From SPORTS ILLUSTRATED, November 13, 2001
HYPE USED TO BE SO SIMPLE. BACK IN THE last century (say, 1997), if you were an underexposed school in the Pacific Northwest (say, Washington State), you would just grab some leaves, stuff them into envelopes and then mail them to the voters for the award. Presto, Ryan Leaf for the Heisman Trophy! ¶ These days a Heisman campaign requires far more than a little ingenuity. Take Oregon's. In June 2001, still glowing from the first 10-win season in the program's history, the national-title contenders from Eugene began promoting the candidacy of senior quarterback Joey Harrington by commissioning a billboard. Not just any billboard, but a 10-story, leap-tall-buildings-in-a-single-bound billboard. In New York City. Right across from Madison Square Garden. ¶ The Joey Heisman billboard cost Ducks boosters $250,000. Shortly after it went up, Harrington was flown across the country to see the signage for himself. "It was overwhelming," he says. "To look at myself on a billboard that size, sitting in New York City, blows my mind. It's something special, but you have to keep it in perspective. If we had gone 7-5 last year, none of this would be happening. If we don't win this year, it will all go away. All the attention I get is because of the success of my team, and I have to remember that."
"Hey, that's Take Five," says Harrington, correctly identifying the Dave Brubeck Quartet jazz tune playing in a reporter's car. On the next track a trumpet takes over. "Miles Davis: So What," he says. A pianist since age four—first classical, then jazz—Harrington is no doubt the only Heisman candidate who hires himself out for banquets and birthday parties. While his teammates gorge on rap and heavy metal before games, Harrington listens to Herbie Hancock.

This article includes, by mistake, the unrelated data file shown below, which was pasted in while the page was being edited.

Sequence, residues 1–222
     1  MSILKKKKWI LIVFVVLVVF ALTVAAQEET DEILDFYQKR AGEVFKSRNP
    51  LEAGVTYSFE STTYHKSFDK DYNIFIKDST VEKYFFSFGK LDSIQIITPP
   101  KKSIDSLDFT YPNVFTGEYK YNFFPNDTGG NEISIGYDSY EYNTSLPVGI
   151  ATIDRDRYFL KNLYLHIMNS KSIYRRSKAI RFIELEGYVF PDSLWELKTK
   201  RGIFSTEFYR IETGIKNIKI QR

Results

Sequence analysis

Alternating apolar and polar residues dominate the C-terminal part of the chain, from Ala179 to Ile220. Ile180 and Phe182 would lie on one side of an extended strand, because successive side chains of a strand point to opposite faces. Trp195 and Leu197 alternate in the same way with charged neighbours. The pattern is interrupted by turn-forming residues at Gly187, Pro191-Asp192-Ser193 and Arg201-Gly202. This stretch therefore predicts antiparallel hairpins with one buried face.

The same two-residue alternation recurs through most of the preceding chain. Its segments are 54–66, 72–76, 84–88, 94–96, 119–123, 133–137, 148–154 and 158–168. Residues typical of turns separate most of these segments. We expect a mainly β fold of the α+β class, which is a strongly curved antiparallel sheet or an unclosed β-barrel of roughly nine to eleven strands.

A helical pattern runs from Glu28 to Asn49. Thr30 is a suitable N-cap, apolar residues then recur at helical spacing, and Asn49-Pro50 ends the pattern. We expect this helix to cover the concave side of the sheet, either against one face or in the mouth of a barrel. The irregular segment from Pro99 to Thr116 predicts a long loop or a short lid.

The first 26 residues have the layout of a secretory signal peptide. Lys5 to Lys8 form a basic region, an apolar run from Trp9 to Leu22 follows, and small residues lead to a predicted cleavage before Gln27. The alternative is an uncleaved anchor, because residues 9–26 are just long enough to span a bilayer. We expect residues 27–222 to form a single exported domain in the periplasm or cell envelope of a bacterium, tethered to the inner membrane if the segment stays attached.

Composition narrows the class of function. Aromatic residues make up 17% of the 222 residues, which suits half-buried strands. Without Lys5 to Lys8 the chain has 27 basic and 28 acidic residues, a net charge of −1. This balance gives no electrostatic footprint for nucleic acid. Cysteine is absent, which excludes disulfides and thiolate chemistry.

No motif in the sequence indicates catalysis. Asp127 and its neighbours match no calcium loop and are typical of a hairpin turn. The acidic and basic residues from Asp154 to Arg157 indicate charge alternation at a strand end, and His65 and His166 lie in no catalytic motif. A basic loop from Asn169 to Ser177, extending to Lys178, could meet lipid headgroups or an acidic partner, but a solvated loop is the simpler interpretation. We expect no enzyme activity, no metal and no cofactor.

A 6' 4", 220-pound alpha male who grew up in Portland, about 100 miles north of the University of Oregon campus, Harrington was all but born with a green O on his chest. His father, John, quarterbacked the Ducks in the late 1960s, and his extended family includes seven other signal-callers. You could say that the Ducks got to Joey early: Shortly after he was born, a "letter of intent" arrived in the mail, courtesy of longtime Oregon coach Len Casanova.
Harrington is college football's version of Shane Battier; he is an Academic All-America (with a 3.3 GPA in business) who spends his winters leading the student cheering section at Ducks basketball games.
"A lot of people dream about playing for the Cowboys," says Harrington. "I always dreamed of playing college football. I'm having the greatest time in the world—living with some of my best friends in a town that adores everything the University of Oregon does."
In an age of game-breaking, multiple-threat quarterbacks of the Michael Vick sort, Harrington knows his limitations. "I'm not an athlete; I'm a quarterback," he says. "I don't have great speed, and I can't throw 90 yards down the field. I win games because I've done the mental preparation."
HARRINGTON'S MOST IMPRESSIVE STAT ISN'T HIS Pac-10-leading 22 touchdowns and 247.3 yards passing per game in 2000; it's his 14-2 record as a starter over the past two seasons. The mythmaker was the Ducks' 56-55 double-overtime win at Arizona State last year, in which Harrington threw for 434 yards and six touchdowns and led Oregon back from a two-TD deficit with less than six minutes left in regulation. Says Oregon coach Mike Bellotti, "When it's crunch time, it doesn't matter what he's done to that point, Joey will put the ball where it can be caught or make the audible or get a first down on a scramble to keep the drive alive."
Says one NFL scout, "He's almost Manning-like in his field presence. He's an excellent decision maker. Good touch. He's definitely a first-round player. You can win with him."
The most painful of Harrington's two career losses occurred on Nov. 18 in Corvallis, playing against archrival Oregon State. The 23-13 defeat cost the Ducks a chance to go to the Rose Bowl, and in the game Harrington was badly outplayed by Beavers quarterback Jonathan Smith, who threw for 246 yards and two touchdowns. Harrington was intercepted five times and fumbled once. "I get physically ill when I think about last year," says Harrington, who concedes that he thinks about his performance in that loss every day.